Welcome to the 6th edition of The Pulse - a survey in words and pictures of the online artist community. The Pulse is a collaborative project that aims to introduce you to new artists, help you get to know familiar faces even more, further your own artistic expression, and allow you access into the creative hearts and minds of a very talented crew of individuals. Stay tuned for a new post every Wednesday and see all previous posts in the series here.
What is the one technique or tool that you cannot live without?
I don't know where I'd be without my beeswax. I keep it in an electric skillet and just heat it on a very low temperature to melt the wax. I work on a small scale so it is juts the right size to dip my drawings on Japanese paper in the wax... total visual and tactile transformation.
As a long term rubber stamper my absolute must have products are stamps. They are so versatile, creating any type of mood or image is possible and the types of techniques that can be done with them are almost endless. Stamps never wear out or break and don't (usually) disintegrate over time. Stamps are also a technique with a large variety of applications - mixed media, scrapbooking, off-the-page, art journaling, book making and greeting cards can all be enhanced by stamping techniques.
My all-time favorite and most often used tool is the Scor-It Board. Originally designed (and hand-built one at a time) by Tim Hammonds, who worked in the printing industry, it was eventually manufactured by Zutter Innovative Products and is, sadly, no longer in production. The lines that are scored produced a "hinged" score - a raised ridge that is the inside of the fold. The lines can be used for decorative embossing and debossing too.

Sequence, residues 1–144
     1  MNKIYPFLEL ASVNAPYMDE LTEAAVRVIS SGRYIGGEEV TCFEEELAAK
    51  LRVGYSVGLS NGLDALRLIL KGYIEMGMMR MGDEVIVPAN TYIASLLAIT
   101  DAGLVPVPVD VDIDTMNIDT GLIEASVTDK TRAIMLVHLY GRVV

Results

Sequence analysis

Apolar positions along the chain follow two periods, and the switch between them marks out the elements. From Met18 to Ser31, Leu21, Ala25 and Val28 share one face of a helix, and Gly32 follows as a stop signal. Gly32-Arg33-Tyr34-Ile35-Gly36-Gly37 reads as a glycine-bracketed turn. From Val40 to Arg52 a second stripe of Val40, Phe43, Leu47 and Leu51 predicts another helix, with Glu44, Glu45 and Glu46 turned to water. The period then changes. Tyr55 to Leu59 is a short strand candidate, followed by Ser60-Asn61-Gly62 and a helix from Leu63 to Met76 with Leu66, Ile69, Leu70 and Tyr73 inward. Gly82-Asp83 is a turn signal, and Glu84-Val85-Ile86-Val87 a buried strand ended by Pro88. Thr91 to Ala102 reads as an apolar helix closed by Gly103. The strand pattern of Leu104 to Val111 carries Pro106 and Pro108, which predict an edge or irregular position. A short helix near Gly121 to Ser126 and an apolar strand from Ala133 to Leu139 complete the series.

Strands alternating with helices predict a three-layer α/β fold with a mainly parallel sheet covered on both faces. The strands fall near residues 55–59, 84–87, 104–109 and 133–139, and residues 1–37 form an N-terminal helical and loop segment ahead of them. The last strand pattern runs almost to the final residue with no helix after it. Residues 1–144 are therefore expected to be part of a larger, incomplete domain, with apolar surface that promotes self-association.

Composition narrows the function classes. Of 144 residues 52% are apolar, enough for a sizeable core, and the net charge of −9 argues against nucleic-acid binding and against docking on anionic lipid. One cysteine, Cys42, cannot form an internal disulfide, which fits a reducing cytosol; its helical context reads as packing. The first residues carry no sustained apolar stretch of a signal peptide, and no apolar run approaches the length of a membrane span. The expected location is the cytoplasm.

The one tool I cannot do without is my computer. It not only provides inspiration, as I can look at art from around the globe, but is a tool I use frequently to improve my art practice, via online workshops and tutorials. Photo-editing programs enable me to alter my photos to give me a starting point for paintings. A frequent painting theme is aeriel views. I take images from Google Earth and alter them in Photoshop until I find a representation of the subject that appeals to me.
The technique I can not do without is dry-brushing.
My absolute favorite thing to use is an old debit/credit/gift card. It is so easy and quick to spread paint around with it. It's great if you want a thin smear of paint or a thick layer, and it doubles as a mark maker to give you texture. I like how with a card I can lay down numerous thin layers in my journal and it doesn't require a lot of paint. And it dries fairly quickly so I can just keep adding.